Alfa Romeo Workers in Italy Protest Over Factory Conditions

alfa romeo pomigliano d’arco plant italy with tonale suv outside
Alfa Romeo Workers Protest Over Factory ConditionsAlfa Romeo

Employees at a Stellantis production facility in Italy responsible for Alfa Romeo Tonale and Fiat Panda models have slowed production amid protests surrounding working conditions in the plant.

According to a report from Bloomberg, the automotive arm of the Fiom union has confirmed that its employees at Stellantis’ Pomigliano d’Arco plant halted work for two hours on Friday. The action came during what was the third day of protests at the facility, which are centered around insufficient working conditions. Issues highlighted by the union include insufficient and aging employee gear, a lack of consistent or adequate climate control, as well as unkept and unsanitary restrooms for plant workers.

alfa romeo pomigliano d’arco plant italy
Alfa Romeo

“The plant is dirty and the toilets stink,” said Simone Marinelli, head of the automotive unit at Fiom. “Work overalls are missing — some workers have to wait months to have the old and worn out ones replaced.”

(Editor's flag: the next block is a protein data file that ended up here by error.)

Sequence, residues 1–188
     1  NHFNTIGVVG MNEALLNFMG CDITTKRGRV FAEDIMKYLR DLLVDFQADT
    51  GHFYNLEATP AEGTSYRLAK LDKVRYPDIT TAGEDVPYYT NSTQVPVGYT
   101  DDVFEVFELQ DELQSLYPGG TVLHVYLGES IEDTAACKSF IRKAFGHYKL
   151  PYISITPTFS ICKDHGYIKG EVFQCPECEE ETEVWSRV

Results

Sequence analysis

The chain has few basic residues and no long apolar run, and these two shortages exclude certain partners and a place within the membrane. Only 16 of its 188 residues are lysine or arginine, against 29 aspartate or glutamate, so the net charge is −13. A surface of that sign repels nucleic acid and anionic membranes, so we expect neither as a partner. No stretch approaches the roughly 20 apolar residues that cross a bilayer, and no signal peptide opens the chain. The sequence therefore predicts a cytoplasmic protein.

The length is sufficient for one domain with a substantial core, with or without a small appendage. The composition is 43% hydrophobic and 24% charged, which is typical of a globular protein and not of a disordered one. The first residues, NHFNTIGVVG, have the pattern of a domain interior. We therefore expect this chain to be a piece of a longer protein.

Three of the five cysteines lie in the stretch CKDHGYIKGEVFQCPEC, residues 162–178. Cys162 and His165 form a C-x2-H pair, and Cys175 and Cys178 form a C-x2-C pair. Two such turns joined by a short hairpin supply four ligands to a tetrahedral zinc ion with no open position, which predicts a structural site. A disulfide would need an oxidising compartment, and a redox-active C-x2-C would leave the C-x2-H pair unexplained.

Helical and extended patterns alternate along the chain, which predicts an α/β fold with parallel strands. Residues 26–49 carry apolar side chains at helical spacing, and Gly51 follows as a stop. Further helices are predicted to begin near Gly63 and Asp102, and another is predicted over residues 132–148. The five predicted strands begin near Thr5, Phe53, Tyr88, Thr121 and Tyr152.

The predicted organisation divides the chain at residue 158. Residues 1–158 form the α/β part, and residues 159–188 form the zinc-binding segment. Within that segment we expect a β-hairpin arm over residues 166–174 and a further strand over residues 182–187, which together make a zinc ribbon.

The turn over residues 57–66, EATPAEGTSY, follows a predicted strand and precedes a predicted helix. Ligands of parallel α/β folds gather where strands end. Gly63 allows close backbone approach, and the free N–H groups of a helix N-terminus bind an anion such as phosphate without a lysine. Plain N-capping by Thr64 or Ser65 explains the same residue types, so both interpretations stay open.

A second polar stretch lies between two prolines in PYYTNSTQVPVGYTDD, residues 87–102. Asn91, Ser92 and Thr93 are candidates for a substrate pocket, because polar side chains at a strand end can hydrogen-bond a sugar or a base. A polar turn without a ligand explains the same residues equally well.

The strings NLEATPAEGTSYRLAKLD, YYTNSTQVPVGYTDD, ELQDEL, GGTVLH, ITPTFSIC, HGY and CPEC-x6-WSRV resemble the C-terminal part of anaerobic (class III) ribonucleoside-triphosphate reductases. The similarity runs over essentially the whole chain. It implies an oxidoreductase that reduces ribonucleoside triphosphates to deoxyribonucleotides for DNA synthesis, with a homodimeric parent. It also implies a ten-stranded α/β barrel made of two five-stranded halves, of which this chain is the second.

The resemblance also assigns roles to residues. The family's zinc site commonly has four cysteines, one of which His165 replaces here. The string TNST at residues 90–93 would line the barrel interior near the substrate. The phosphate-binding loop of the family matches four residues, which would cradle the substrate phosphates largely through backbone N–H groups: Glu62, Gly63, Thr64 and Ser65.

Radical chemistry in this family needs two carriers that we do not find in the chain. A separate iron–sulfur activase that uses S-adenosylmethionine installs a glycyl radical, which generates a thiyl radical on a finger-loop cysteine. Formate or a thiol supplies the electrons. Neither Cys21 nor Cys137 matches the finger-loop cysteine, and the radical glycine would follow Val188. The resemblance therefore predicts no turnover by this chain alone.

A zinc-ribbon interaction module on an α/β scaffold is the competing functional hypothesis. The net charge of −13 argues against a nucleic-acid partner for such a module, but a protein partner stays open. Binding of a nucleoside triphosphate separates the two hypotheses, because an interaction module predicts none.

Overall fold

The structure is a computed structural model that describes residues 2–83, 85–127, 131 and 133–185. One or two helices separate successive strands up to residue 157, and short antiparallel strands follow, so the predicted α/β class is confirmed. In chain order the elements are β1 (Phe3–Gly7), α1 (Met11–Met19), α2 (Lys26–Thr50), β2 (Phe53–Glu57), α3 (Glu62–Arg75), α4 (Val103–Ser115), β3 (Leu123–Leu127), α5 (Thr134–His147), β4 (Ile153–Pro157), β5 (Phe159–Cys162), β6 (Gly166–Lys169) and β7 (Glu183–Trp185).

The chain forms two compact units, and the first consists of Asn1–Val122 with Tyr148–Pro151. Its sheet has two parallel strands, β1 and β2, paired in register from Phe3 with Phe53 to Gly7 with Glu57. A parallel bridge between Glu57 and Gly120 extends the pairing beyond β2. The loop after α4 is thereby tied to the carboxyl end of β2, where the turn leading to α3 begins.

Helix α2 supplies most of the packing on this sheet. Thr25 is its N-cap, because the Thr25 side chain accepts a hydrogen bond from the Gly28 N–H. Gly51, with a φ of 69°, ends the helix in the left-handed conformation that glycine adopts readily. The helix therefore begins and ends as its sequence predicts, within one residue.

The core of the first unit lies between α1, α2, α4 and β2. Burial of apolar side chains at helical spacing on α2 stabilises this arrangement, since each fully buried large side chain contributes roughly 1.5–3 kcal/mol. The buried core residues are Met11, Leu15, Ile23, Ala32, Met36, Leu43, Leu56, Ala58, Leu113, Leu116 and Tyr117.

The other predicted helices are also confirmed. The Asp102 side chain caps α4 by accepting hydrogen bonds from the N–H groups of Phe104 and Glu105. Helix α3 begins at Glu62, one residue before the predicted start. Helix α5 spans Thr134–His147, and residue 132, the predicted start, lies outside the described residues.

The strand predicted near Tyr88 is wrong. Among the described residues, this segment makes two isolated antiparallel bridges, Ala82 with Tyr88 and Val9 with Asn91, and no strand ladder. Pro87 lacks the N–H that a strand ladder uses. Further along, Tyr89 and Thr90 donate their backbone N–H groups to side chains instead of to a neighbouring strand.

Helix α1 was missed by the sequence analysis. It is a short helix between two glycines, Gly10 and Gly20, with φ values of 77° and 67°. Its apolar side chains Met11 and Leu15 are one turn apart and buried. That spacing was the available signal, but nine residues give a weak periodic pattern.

Stellantis adamantly rejects that its employees are working in undesirable or unsafe conditions, claiming to be acting within the framework laid out in the union contracts with Fiom and others. That said, Italy isn’t the only European nation where workers are frustrated with Stellantis. France’s CFDT labor union chief Christine Virassamy also previously highlighted poor working conditions taking place in the brand’s French production facilities in speaking with Bloomberg. Virassamy believes investment into facility upkeep is an important step towards easing tensions and improving worker safety.

2024 alfa romeo tonale at initial quality review in the pomigliano manufacturing plant in italy car color is verde fangio

It is also important to note that these protests in Italy aren’t taking place in a vacuum. The worker action comes after Stellantis announced its plans to cut as many as 2000 jobs in Italy amid the transition to a less dense, EV-focused workforce. The brand has stated that most of these jobs won’t come from production lines, and that early retirement benefits will be offered to older employees. Regardless, that’s over 4 percent of the automaker’s 47,000-member staff in the country on the chopping block. With how important the Tonale is going to be for Alfa Romeo moving forward, hopefully the protesters are able to secure their demands in short order.

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